The hospital has just begun a two-year phase of replacing aging radiology equipment. Funds raised will first replace a $500,000 piece of X-ray equipment that allows physicians to view real-time body images.
A high-tech computerized medical chart system will be upgraded next year.
“We are one of the few facilities that is modernized to the point where our medical chart system is computerized,” Garcia said.
“The emergency room is an ongoing project,” said James Roosevelt, executive director and chief executive officer of the foundation. “We need to greatly expand it to meet the demands of services in south Santa Clara County.”
The eight-bed ER currently sees more than 23,000 patients a year – a large number for a very small department, Roosevelt said. The nearest ER outside Gilroy is in Hollister’s Hazel Hawkins Memorial Hospital.
“We would like to expand it to meet the capacity needs … (but) we don’t have an estimate of expansion yet,” Roosevelt said. “We are in the process of looking at the expansion right now. We haven’t started the planning phase, but we understand that it is a need.”
Future expansion will also include a third medical office building on the campus to house physicians, the breast care center currently located in the north medical office building and other services provided off site, Roosevelt said.
The hospital last month dedicated its donor wall, located in the front entrance, listing the names of individuals and businesses who have donated to the nonprofit, community hospital.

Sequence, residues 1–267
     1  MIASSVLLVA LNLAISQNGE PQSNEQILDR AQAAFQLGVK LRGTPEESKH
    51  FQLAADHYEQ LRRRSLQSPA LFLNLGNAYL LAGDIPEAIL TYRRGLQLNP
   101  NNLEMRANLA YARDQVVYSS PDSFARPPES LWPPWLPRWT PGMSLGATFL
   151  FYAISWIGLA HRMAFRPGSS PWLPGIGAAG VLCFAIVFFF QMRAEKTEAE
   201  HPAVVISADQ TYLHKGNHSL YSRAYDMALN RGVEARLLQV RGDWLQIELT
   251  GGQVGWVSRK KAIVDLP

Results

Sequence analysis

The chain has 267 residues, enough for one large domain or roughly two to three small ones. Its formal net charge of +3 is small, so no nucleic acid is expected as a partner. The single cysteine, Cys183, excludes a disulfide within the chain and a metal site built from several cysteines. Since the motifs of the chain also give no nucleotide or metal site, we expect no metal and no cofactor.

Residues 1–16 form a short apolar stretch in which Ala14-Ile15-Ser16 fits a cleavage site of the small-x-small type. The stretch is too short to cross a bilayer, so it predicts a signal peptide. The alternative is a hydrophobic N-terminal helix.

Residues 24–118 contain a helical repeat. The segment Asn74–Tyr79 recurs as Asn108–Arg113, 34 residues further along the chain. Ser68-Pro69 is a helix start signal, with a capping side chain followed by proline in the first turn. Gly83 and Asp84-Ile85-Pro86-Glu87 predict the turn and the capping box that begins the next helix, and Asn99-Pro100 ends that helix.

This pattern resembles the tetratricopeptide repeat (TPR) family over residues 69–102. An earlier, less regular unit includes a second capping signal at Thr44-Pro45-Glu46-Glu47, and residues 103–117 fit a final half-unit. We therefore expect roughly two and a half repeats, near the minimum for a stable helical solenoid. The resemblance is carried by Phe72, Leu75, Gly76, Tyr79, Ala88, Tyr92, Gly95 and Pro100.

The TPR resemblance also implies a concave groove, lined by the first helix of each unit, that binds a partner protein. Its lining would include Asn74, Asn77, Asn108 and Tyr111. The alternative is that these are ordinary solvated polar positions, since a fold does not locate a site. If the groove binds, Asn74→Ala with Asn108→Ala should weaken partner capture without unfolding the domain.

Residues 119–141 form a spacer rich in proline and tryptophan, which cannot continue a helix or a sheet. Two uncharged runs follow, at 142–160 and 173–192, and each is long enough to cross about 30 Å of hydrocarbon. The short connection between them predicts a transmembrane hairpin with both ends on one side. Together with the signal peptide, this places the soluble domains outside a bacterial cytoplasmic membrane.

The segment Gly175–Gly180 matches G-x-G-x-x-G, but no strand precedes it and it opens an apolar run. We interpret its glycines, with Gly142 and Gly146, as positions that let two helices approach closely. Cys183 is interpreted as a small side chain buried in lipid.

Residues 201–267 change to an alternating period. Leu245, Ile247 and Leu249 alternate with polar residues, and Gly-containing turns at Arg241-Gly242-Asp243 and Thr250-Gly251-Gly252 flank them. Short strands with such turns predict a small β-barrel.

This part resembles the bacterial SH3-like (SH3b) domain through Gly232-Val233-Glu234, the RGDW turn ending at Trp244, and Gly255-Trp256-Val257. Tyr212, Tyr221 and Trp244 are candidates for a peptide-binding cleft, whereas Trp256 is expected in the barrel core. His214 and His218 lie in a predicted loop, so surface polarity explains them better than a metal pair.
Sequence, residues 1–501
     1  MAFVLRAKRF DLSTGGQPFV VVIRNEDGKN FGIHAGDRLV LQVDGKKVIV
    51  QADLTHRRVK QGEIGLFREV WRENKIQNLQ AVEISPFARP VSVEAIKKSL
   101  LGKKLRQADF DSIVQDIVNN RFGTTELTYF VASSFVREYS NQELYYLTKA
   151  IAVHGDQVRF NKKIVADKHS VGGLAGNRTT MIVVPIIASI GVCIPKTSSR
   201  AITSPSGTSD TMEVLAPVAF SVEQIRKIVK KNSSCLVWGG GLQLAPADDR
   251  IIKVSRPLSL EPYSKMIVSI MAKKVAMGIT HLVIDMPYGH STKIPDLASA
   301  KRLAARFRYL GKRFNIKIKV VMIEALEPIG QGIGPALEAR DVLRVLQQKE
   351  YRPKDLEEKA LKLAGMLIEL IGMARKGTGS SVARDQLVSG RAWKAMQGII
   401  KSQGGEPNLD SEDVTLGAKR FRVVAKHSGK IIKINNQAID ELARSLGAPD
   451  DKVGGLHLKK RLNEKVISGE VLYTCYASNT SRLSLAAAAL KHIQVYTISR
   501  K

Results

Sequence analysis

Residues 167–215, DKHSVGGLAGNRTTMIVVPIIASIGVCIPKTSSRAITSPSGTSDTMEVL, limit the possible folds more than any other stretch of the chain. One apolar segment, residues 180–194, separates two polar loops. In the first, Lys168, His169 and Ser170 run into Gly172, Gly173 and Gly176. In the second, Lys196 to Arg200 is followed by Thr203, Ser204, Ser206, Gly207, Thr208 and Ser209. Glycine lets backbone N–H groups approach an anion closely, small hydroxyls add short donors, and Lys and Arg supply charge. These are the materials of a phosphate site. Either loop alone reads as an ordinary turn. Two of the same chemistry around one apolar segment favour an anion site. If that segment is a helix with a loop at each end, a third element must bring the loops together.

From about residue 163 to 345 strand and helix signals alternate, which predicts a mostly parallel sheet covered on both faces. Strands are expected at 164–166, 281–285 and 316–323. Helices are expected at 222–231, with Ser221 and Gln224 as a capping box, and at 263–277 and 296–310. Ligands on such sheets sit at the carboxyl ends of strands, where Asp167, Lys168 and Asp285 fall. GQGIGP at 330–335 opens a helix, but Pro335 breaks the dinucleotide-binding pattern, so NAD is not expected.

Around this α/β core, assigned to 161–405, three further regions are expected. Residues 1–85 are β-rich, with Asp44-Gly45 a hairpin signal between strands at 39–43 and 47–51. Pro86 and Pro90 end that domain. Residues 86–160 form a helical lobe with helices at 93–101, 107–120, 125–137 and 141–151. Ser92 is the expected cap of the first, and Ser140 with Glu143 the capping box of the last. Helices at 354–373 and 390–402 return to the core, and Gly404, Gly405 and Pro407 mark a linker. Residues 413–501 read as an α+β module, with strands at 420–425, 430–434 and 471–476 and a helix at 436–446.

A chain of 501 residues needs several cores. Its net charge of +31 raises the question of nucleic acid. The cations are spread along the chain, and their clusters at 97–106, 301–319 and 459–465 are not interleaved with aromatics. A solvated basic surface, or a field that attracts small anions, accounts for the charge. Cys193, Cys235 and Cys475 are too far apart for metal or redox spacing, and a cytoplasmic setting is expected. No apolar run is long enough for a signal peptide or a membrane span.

“It’s a way for the Saint Louise Regional Hospital Foundation to recognize the generous commitments of all our donors,” Roosevelt said.
The wall also includes the names of donors to Wheeler and South Valley hospitals, which both formerly occupied Saint Louise’s facility at 9400 No Name Uno.
“Because of the ownership changes in the past, it’s a way for (the foundation) to recognize the donors to health care in all south Santa Clara County,” Roosevelt said.
During the dedication ceremony Oct. 23, Ted Fox, the hospital’s chief executive officer, commended community donors for allowing the hospital to continue expanding programs, services and purchase state-of-the-art medical equipment.
“While the state of health care in California continues to be a challenging environment – with nearly two-thirds of hospitals losing money – I am proud to let you know that our hospital is viable, healthy, financially sound and proud to be a part of the Daughters of Charity of Saint Vincent de Paul and are committed to providing health care to our communities for the long haul,” Fox said. “It is only through our dedicated associates, physicians and volunteers which allow us to operate a successful and efficient hospital.”
The hospital, which opened in 1989 in Morgan Hill and moved to Gilroy 10 years later, has 93 beds, round-the-clock emergency care and a CALSTAR emergency helicopter transport.
Donors can give to the hospital’s unrestricted fund or earmark money for specific funds, such as breast care or community services.